The thyroid gland has a very small mass (about 20 g average for individuals) and when radioactive iodine (iodine-131) is accumulated this leads to receiving high exposure (absorbed doses) of critical human organ.
Within the first hours after occurrence of the nuclear or radiation accident the radioactive iodine-131 is entering into the body mainly through inhalation and rapidly is penetrating into the blood. To avoid the accumulation of iodine-131 in the thyroid gland potassium iodine tablets are used. The aim is to saturate in advance the thyroid with stable (not radioactive) iodine and in this way to block the subsequent intake of radioactive iodine. The radioactive iodine-131 can be accumulated in the body also through the food chain in the late phase of nuclear or radiation accidents. Besides the iodine prophylaxis, to reduce the exposure additional preventive measures should be applied such as suppression or restriction of consummation of feedingstuffs contaminated with iodine-131, strengthening the monitoring of milk, water and main feedingstuffs, as well as other organizational and administrative measure.
In order to be effective the iodine prophylaxis should be implemented opportunely taking into account the time, which it is necessary for the stable iodine (in the form of potassium iodine tablets) to saturate the thyroid. This time depends on the biological and physiological features of the single individual, as well as on the age and gender. The accumulation speed of the radioactive iodine-131 into the thyroid of children and pregnant women is higher than in other population groups. Critical groups are the newborns and children up to 12 years old, pregnant women and breast-feeding women. The risk of exposure of the thyroid to radioactive iodine-131 is negligible for adults over 45 years and hence iodine prophylaxis for them is not compulsory.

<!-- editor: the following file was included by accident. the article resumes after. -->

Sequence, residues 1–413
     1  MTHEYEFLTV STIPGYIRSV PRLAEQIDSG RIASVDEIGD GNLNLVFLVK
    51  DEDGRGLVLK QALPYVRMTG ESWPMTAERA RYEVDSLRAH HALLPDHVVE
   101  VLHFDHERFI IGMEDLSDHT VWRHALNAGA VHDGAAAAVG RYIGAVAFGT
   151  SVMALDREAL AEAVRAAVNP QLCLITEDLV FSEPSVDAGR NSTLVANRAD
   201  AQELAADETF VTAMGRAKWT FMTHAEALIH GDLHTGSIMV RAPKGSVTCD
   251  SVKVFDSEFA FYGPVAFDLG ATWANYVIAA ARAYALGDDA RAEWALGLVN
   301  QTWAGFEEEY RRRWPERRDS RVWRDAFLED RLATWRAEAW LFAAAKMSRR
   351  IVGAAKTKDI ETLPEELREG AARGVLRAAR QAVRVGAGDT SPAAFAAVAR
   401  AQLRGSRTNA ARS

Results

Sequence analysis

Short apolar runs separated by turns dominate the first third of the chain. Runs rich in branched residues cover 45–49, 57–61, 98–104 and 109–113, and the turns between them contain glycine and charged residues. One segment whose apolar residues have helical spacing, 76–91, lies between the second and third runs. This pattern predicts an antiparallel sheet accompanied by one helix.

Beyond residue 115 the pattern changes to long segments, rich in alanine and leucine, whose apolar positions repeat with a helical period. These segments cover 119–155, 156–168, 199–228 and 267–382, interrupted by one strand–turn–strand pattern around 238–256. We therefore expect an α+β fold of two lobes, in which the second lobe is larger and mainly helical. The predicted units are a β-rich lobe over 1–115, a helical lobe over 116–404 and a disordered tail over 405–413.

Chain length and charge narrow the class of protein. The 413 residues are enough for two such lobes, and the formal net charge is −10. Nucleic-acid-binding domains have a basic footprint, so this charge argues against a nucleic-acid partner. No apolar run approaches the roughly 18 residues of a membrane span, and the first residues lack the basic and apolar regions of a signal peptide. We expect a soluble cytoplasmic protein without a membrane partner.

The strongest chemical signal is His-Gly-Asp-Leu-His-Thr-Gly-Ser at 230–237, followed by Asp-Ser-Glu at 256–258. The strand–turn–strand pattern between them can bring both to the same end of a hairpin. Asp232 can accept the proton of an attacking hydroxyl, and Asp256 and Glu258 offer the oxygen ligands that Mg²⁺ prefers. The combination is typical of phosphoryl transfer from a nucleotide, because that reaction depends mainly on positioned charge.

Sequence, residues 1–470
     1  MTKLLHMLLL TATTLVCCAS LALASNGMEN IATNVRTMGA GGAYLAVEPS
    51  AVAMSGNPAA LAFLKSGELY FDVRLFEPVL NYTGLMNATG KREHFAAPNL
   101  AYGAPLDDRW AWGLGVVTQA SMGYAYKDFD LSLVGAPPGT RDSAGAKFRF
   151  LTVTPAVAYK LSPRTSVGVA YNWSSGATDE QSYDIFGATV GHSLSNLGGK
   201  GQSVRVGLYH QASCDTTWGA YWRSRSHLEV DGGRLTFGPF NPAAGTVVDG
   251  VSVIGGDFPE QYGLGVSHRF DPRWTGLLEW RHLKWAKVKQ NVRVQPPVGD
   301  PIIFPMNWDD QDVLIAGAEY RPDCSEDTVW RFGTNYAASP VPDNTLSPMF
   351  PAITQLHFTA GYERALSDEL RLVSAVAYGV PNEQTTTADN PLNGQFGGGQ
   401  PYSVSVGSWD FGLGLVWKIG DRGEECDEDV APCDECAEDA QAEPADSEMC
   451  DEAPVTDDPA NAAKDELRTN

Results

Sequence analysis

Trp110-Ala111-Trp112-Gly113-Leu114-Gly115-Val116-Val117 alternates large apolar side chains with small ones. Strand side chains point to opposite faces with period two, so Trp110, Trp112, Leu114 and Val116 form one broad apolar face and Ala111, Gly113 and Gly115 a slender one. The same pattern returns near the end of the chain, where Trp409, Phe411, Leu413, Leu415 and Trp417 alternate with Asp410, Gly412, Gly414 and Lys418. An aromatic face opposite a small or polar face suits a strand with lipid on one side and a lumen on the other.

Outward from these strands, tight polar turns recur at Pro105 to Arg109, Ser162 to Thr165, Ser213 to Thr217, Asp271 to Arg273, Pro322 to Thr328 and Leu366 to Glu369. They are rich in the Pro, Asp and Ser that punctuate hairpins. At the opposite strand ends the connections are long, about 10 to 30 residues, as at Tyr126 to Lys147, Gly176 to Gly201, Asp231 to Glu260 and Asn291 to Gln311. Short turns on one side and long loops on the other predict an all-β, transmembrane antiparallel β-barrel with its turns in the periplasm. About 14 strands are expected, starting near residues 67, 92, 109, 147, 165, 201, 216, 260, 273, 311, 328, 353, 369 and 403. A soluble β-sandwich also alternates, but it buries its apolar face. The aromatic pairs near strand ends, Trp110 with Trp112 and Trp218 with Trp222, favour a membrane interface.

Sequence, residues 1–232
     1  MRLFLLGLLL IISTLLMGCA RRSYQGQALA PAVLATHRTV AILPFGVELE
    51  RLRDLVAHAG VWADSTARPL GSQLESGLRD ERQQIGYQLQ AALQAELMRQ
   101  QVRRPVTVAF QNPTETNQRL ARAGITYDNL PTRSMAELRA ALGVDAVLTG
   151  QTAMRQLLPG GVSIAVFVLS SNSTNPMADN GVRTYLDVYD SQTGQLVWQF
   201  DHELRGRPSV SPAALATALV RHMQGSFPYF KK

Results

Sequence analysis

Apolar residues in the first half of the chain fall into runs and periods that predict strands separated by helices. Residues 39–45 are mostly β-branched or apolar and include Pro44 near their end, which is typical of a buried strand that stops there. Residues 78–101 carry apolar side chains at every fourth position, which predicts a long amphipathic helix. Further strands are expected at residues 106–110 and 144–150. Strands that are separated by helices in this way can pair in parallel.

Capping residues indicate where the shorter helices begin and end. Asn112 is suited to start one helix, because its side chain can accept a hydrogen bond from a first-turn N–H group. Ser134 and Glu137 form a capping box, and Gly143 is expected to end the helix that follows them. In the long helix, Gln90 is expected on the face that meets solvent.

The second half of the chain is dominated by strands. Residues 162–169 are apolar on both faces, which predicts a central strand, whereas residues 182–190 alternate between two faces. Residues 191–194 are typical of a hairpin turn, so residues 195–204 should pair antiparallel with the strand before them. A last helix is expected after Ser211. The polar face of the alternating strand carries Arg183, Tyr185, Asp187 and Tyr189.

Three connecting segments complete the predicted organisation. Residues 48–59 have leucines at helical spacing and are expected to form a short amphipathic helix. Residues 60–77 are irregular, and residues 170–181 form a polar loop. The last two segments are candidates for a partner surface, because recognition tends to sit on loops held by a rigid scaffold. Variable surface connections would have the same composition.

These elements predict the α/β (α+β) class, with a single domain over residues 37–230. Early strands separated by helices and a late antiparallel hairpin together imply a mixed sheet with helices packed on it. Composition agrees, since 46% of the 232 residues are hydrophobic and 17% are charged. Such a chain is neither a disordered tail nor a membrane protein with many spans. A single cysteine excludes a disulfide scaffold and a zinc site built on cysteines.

It is determined that the iodine prophylaxis is most efficient when it is implemented within the firs two hours after the nuclear or radiation accident whose consequences impose implementation of such protection measure for the population. If the iodine blockage is performed 5 hours after the accident the efficiency of these protection measure decreases 10 times.
According to the Regulation on Emergency Planning and Emergency Preparedness in Case of Nuclear and Radiation accident the iodine prophylaxis (stable iodine blockage of the thyroid) is the main protection measure for the personnel (of the facilities and the emergency personnel) and the population. In the country organization has been established for conducting iodine prophylaxis and potassium iodine tablets (KI) in sufficient quantities has been assured. The procedure and order for implementation of iodine prophylaxis is established in the National Emergency Plan (off-site plan).